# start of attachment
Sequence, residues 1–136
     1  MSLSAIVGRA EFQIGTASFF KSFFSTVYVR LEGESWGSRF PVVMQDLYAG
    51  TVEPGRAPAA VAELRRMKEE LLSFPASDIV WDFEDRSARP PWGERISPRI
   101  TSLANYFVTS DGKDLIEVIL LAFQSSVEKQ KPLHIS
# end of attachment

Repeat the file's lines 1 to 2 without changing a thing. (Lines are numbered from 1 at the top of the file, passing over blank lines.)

Sequence, residues 1–136
     1  MSLSAIVGRA EFQIGTASFF KSFFSTVYVR LEGESWGSRF PVVMQDLYAG